Janeane Garofalo has never been one to mince words. From the minute she danced awkwardly onto the big screen in the 1994 Gen X-grunge-angst flick Reality Bites, Garofalo cemented her reputation as a fiercely outspoken presence in Hollywood, a comedian-turned-actress who didn't look like everyone else and who would go on to choose her movie and TV roles as carefully as the jokes she spewed in her stand-up act.
Since Bites, in which she co-starred alongside the film's director (and her good friend), Ben Stiller, Garofalo has popped up in several TV shows (most memorably The West Wing). She's also had roles in nearly 50 movies, including the cult hits Romy and Michelle's High School Reunion, Half Baked, and Wet Hot American Summer, and, most recently, the massively successful animated Ratatouille (in which she played the French-accented Colette). Off-screen, Garofalo has flaunted her liberal views as a regular on Real Time With Bill Maher and on a now-defunct radio show on Air America, which, aside from stand-up, she calls her "proudest creative experience." Even Garofalo's tattoos are political statements: She has "Valor," "Liberal," and "Truth" on various body parts.
We caught up with the 44-year-old actress, who, beginning in January, portrays FBI agent Janis Gold on the hugely popular Fox series 24. Even though she had just finished a rough-and-tumble day of shooting, she was game for any question lobbed her way. And as we've come to expect and admire, no subject-from why Dane Cook's not funny to her own forays into plastic surgery-was off limits.
INKED: How many tattoos do you have?
JANEANE GAROFALO: I think I have 14 or 15. They're all kind of splattered
about-mostly on my arms, some on my stomach, some on my legs. My very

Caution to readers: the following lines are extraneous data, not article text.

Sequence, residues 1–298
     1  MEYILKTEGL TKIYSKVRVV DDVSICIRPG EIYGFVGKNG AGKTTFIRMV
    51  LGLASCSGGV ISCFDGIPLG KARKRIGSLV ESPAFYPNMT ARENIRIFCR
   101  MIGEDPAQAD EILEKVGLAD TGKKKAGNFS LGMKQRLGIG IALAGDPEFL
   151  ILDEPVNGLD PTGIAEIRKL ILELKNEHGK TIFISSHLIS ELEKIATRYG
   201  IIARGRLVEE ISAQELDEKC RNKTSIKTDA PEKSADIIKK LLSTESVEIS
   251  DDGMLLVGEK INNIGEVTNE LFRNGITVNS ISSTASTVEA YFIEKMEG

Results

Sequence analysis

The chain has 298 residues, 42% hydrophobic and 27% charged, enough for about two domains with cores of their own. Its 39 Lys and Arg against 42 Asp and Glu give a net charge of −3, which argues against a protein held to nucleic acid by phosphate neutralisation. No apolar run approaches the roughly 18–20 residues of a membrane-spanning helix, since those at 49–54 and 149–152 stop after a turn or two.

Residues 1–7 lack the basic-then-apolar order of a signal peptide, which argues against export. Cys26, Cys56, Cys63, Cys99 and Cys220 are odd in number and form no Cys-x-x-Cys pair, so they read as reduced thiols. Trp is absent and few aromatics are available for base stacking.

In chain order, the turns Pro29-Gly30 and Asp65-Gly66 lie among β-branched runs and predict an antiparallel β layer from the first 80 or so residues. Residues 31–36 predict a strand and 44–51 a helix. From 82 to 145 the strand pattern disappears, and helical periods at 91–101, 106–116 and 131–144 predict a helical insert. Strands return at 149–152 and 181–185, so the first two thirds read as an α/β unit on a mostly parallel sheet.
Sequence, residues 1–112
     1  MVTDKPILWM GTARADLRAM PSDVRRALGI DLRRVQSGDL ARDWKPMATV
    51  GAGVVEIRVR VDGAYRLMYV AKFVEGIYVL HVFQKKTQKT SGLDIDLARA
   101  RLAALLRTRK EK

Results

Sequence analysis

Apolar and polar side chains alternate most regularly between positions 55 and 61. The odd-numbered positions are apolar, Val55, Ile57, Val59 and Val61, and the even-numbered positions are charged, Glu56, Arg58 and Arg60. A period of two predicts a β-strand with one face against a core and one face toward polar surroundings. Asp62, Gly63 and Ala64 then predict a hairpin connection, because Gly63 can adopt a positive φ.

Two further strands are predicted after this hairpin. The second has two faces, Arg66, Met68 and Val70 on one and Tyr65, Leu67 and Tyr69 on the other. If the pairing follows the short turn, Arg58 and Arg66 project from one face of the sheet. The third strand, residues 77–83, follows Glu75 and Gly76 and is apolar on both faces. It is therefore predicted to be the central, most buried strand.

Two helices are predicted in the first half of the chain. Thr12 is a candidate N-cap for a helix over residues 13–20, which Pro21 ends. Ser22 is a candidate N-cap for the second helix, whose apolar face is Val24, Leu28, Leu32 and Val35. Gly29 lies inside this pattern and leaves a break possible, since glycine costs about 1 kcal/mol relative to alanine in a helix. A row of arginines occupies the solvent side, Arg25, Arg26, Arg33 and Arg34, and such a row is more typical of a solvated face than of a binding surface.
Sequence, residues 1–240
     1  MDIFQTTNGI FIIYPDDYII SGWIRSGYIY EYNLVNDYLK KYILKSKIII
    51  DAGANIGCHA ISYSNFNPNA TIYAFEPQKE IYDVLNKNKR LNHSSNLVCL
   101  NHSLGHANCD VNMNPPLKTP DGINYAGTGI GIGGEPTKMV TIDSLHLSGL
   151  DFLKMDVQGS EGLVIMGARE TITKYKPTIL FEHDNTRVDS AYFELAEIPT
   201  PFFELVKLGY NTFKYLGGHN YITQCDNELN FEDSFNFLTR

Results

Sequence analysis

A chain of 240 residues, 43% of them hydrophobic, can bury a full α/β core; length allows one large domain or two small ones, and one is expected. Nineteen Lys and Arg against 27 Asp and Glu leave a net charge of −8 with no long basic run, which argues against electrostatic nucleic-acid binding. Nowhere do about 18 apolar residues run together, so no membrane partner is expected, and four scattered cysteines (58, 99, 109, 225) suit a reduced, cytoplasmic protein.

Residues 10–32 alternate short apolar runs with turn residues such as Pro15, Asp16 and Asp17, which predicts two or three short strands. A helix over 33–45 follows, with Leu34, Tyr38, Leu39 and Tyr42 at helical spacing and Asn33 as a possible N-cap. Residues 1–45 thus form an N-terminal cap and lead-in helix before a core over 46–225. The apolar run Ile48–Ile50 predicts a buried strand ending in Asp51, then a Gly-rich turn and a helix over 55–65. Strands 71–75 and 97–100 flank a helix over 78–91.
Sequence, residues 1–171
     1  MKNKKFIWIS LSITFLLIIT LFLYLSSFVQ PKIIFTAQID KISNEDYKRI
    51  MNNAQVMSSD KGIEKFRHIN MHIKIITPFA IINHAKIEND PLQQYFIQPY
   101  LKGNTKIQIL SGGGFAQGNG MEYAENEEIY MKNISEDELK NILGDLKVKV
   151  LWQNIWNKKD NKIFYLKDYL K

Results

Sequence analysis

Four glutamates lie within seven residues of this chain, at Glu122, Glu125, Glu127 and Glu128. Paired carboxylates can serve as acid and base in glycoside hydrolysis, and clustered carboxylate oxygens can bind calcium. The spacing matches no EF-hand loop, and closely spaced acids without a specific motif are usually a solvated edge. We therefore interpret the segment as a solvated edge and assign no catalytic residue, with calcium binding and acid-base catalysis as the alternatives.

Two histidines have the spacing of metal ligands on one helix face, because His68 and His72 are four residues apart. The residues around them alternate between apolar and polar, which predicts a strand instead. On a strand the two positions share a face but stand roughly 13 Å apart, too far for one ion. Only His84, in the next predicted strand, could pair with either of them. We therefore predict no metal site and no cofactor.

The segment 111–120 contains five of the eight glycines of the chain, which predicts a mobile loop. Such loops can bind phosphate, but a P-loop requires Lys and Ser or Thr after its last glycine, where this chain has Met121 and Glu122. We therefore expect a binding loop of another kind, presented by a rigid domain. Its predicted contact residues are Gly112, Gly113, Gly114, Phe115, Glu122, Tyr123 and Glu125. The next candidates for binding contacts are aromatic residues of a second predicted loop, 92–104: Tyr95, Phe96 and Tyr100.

first one was a star on my left calf. I got that because it was small and easily
hidden. I liked it and I kept going from there.
Do you have a favorite tattoo shop?
Yes-Dare Devil Tattoo on Ludlow Street in New York City. And one of my favorite tattoo artists is Friday Jones. She can come to you with her kit. She's wonderful. She's done some of my favorite pieces. She did the Rosie the Riveter on my right arm.
I really like the iconography. Although instead of the government slogan "We Can Do It" underneath, I put "Valor," from the phrase "A woman of valor, who can find? For her price is far above rubies."
Meaning it's very difficult to find a courageous person-man, woman, or otherwise. It's very valuable to be courageous, so I put it on my arm to remind me. I also didn't want a government slogan from the World War II era on my arm.
You also have "Liberal" on your left shoulder. What does that word
mean to you?
Being liberal is something to be very proud of. Over the last 30 years or so, the right wing of this country has managed to bastardize the word. They think it's something to be feared because liberalism equals progress and social justice, and Republicans and conservatives hate progress and social justice. Liberal is not a dirty word. It's not a pejorative.